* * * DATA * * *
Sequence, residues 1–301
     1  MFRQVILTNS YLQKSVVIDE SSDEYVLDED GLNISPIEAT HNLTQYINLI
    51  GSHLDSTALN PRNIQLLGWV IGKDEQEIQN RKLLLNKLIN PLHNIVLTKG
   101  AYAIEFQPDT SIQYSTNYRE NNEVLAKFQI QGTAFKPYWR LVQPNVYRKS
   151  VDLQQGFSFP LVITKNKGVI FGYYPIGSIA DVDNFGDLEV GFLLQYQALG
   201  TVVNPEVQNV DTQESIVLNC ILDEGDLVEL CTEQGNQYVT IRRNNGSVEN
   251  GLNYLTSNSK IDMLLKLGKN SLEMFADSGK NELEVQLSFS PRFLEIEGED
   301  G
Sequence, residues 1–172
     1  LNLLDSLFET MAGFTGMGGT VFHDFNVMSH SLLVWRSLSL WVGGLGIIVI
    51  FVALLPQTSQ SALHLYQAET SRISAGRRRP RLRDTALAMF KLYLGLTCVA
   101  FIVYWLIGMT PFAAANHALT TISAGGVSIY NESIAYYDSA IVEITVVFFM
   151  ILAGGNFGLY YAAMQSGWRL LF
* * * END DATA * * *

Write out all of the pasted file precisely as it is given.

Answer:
Sequence, residues 1–301
     1  MFRQVILTNS YLQKSVVIDE SSDEYVLDED GLNISPIEAT HNLTQYINLI
    51  GSHLDSTALN PRNIQLLGWV IGKDEQEIQN RKLLLNKLIN PLHNIVLTKG
   101  AYAIEFQPDT SIQYSTNYRE NNEVLAKFQI QGTAFKPYWR LVQPNVYRKS
   151  VDLQQGFSFP LVITKNKGVI FGYYPIGSIA DVDNFGDLEV GFLLQYQALG
   201  TVVNPEVQNV DTQESIVLNC ILDEGDLVEL CTEQGNQYVT IRRNNGSVEN
   251  GLNYLTSNSK IDMLLKLGKN SLEMFADSGK NELEVQLSFS PRFLEIEGED
   301  G
Sequence, residues 1–172
     1  LNLLDSLFET MAGFTGMGGT VFHDFNVMSH SLLVWRSLSL WVGGLGIIVI
    51  FVALLPQTSQ SALHLYQAET SRISAGRRRP RLRDTALAMF KLYLGLTCVA
   101  FIVYWLIGMT PFAAANHALT TISAGGVSIY NESIAYYDSA IVEITVVFFM
   151  ILAGGNFGLY YAAMQSGWRL LF